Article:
Parent leaders refuse to quit charity

Officials at England's largest parents' group who were called on to step down by the Charity Commission, yesterday dug in their heels and refused to quit, despite calls from former trustees for them to resign and pay back all expenses.

As the controversy surrounding the National Confederation of Parents Teacher Associations was hastily added to the agenda of a top-level Home Office meeting with the Chief Charity Commissioner, the three officers insisted they would stay put.

The Independent revealed yesterday that the Commission, which has just completed an inquiry into the charity, had written to its press officer, treasurer and membership secretary asking them to resign and seek urgent legal advice over paying back tens of thousands of pounds in salaries.

The Commission says the three - Margaret Morrissey, Andrew Smetham and Belinda Yaxley - were trustees at the time they took up their posts and have, therefore, contravened charity law by benefiting financially from their trusteeships. The officials admit they were trustees when appointed, but say they had stood down by the time they started their paid part-time jobs.

Two former trustees, who were sacked by the charity last year after calling for reform, last night demanded that the current ruling group be held responsible for any salaries and expenses paid in defiance of the Charity Commission advice.

Sean Rogers and Sandi Marshall, who were thrown off the NCPTA's ruling body by a process dubbed a "kangaroo court" by the Charity Commission, said the three should "do the decent thing and go now".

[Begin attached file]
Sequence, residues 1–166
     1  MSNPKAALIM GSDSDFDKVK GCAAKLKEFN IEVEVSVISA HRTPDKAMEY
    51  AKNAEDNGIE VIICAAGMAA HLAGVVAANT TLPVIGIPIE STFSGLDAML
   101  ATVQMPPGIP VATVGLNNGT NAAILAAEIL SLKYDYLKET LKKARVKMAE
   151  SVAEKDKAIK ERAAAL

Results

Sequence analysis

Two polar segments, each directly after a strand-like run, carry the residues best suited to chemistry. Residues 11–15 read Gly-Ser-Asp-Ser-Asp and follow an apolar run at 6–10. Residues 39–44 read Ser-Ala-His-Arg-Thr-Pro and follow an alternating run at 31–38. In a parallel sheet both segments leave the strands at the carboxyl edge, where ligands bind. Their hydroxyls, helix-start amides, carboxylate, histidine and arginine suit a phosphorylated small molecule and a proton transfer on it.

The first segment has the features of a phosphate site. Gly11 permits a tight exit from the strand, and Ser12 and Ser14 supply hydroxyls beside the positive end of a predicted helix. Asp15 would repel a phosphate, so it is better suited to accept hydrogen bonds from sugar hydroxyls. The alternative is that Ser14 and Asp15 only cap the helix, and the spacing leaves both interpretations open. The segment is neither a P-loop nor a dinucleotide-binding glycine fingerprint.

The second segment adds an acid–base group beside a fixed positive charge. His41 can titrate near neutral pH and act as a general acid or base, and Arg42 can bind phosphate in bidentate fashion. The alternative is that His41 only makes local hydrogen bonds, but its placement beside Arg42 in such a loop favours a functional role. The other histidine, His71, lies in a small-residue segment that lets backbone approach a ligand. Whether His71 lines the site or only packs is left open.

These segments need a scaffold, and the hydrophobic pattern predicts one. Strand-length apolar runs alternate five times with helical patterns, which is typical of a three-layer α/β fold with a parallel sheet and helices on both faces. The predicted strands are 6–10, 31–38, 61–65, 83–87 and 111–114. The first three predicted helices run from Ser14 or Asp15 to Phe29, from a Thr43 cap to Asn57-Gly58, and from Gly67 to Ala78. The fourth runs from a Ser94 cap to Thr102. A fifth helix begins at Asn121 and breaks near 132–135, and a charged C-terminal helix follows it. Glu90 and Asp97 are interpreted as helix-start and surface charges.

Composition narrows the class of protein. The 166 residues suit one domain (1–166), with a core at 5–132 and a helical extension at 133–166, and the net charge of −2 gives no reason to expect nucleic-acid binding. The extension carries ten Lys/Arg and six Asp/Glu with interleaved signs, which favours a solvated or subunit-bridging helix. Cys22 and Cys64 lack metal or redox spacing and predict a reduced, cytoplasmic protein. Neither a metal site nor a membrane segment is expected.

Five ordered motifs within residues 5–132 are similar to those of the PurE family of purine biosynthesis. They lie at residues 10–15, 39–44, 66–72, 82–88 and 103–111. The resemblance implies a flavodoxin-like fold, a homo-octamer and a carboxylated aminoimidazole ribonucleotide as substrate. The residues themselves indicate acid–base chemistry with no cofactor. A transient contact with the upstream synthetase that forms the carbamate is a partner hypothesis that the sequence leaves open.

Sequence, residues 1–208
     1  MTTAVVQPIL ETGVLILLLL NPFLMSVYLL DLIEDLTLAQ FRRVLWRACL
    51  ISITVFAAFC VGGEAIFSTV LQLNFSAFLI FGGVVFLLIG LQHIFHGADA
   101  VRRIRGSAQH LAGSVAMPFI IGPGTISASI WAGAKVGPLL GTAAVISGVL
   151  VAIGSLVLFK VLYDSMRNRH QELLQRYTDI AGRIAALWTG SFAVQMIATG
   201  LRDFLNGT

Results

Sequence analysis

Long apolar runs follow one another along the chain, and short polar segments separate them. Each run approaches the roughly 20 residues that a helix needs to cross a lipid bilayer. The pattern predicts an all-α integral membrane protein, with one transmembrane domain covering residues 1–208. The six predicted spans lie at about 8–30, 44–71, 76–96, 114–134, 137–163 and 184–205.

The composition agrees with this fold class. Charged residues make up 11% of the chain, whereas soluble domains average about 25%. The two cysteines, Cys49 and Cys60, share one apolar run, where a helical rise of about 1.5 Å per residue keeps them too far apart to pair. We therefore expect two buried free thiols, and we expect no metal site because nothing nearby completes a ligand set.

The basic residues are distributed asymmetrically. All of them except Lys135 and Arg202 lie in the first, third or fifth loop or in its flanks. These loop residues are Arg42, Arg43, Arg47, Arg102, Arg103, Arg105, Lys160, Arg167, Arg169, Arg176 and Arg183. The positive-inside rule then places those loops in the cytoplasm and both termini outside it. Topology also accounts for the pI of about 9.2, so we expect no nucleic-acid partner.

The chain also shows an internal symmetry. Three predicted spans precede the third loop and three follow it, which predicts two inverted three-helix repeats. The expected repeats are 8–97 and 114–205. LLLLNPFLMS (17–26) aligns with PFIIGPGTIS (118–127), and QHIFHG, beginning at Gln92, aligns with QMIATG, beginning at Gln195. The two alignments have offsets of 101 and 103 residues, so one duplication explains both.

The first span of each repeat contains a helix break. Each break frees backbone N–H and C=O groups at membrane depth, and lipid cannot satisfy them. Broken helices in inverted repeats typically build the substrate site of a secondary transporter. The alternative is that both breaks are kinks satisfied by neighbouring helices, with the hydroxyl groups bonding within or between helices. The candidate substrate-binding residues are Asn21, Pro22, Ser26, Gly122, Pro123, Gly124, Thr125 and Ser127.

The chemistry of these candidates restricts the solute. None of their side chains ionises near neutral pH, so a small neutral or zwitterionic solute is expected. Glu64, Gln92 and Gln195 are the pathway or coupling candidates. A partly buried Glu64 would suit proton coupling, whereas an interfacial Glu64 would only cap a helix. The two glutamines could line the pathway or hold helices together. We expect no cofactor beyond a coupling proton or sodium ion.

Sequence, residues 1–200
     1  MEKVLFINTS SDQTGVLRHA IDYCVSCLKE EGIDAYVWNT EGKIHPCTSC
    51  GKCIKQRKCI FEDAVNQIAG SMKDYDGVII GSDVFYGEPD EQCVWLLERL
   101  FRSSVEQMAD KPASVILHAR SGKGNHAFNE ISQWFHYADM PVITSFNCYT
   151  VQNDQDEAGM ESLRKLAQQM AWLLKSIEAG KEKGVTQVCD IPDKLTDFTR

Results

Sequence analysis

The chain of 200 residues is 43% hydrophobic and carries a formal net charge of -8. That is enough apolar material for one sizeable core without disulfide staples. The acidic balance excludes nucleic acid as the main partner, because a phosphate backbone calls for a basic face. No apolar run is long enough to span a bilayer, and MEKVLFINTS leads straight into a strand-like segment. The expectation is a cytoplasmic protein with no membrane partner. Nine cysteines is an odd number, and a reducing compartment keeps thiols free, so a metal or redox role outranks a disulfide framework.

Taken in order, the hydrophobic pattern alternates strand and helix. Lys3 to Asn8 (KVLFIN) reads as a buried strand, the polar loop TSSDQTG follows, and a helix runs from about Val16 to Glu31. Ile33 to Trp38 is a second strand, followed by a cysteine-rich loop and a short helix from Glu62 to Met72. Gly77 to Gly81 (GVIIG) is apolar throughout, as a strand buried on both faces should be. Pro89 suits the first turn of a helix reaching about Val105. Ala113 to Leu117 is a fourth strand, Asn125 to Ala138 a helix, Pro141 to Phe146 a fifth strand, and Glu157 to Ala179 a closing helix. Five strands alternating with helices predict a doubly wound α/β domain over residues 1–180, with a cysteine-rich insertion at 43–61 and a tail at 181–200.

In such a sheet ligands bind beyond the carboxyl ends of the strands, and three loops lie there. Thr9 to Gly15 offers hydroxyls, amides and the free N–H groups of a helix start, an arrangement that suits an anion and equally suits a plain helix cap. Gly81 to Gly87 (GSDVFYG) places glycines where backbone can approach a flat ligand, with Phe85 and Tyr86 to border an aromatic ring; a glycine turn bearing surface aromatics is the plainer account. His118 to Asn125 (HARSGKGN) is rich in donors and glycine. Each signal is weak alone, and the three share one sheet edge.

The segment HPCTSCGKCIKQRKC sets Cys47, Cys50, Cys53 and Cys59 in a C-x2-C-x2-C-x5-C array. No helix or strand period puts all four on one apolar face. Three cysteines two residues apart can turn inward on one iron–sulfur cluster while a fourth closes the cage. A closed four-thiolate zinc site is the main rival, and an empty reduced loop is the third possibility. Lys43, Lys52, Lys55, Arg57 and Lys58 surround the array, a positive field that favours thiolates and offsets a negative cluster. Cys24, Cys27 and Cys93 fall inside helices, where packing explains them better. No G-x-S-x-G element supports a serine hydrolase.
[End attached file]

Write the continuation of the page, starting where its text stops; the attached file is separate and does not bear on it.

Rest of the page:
Ms Marshall said: "I find it extraordinary that other trustees have not demanded these people's resignation. They were told in March by Charity Commission investigators that the position of these staff was untenable. I feel the Commission should now tell the trustees that by continuing to expend the charity money in this way, the trustees are making themselves liable for a bill."

The resignations row brings to boiling point years of unrest in the NCPTA, which represents parents in over 11,000 schools.

In return, the NCPTA - the largest and wealthiest parent's body in the country - acts as a national voice for parents, commenting on education policy and lobbying ministers.

NCPTA chairman Judith Wood yesterday insisted the charity remained on an even keel. It had been given until 30 June by the Charity Commission to complete its own investigation into the affair.

The Commission's report is expected to be published next week. Charity Commission sources yesterday underlined their belief that the officials were still trustees when they took up their posts.